Ethical memory lapse in Annapolis Collins' gaff: Baltimore County senator may co-chair ethics panel, but he needs a refresher course.

July 02, 1998

WHEN the co-chairman of the Maryland General Assembly's own ethics committee sees nothing wrong in violating the state legislature's stated code of conduct, you've got a problem on your hands.

Such is the case with Democratic state Sen. Michael J. Collins of Baltimore and Harford counties. He held a fund-raiser last night; invited guests were asked to respond to his secretary in his district office.

Such an arrangement is strictly forbidden in legislative guidelines drawn up and distributed by the Joint Committee on Ethics, which Mr. Collins co-chairs. Only General Assembly business and "customary constituent services" may be handled

out of these government-funded offices.

And yet Mr. Collins strenuously denied that he had broken his own committee's -- and the legislature's -- ethics standards. It was a lame excuse. Conducting any campaign activities out of your government-paid district office is wrong.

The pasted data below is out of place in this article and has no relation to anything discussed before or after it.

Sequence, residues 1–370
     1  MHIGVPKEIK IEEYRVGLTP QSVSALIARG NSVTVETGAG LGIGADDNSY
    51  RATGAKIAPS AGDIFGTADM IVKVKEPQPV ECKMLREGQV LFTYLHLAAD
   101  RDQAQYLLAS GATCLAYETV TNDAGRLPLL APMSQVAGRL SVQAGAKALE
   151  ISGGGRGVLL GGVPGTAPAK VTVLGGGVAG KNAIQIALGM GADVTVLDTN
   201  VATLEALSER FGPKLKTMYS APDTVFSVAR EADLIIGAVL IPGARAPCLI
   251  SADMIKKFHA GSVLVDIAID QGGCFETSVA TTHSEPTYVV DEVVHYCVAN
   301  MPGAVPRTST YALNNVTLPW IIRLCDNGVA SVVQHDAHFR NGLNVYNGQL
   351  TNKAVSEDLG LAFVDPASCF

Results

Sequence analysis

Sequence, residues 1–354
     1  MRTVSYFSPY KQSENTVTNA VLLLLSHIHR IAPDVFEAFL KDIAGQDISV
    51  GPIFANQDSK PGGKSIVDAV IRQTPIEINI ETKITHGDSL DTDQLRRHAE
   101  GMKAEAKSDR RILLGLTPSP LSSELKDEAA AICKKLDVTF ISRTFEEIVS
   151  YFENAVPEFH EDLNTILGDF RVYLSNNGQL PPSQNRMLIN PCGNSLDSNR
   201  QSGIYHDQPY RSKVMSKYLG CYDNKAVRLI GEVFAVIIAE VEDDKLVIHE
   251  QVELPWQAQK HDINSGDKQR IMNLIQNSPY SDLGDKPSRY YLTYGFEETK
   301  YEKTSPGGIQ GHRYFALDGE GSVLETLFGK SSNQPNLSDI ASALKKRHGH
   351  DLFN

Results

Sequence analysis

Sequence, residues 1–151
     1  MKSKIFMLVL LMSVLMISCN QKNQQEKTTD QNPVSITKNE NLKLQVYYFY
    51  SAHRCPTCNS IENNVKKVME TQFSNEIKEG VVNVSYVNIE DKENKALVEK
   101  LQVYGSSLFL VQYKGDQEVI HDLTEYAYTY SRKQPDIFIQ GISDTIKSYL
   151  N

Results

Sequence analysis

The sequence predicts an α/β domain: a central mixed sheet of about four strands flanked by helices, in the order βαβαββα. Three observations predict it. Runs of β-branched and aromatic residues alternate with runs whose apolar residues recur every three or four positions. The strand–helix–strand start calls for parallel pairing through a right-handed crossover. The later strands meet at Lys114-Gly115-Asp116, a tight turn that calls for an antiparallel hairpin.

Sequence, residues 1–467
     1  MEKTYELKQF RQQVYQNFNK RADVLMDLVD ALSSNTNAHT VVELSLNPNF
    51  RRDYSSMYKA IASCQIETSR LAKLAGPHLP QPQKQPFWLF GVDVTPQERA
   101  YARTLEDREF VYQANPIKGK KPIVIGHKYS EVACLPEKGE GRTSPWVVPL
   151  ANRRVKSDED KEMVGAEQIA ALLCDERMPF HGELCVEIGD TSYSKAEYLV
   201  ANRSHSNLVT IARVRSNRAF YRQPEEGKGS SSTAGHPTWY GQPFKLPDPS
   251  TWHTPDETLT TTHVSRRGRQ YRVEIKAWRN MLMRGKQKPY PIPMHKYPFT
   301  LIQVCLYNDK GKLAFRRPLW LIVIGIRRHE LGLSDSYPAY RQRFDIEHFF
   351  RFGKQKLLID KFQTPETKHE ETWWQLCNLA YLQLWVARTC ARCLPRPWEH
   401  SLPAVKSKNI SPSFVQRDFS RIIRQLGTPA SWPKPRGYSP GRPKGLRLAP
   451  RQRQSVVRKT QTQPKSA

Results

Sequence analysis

Mr. Collins knows better.

In fact, he recently participated in a discussion on this very point during a session of the special commission reviewing ethics standards in Maryland, led by Rep. Benjamin L. Cardin. Mr. Collins also serves on this special ethics panel.

The strong consensus emerging from that group: Legislators should conduct no private or campaign business from their government offices.

Mr. Collins' gaff, and especially his denial of wrongdoing, tells us much about the need for drastic steps to bring higher standards to the General Assembly.

Lawmakers need firm, clear guidelines on what is permitted and what is not. More important, they need to be held strictly accountable if they step over the line.

Every member of the legislature suffers when someone like Mr. Collins ignores the General Assembly's standards of conduct. The public blames all of them.

Until there is a major change in attitude among state lawmakers, such breaches of conduct are likely to continue -- along with the public's growing outrage.

Pub Date: 7/02/98

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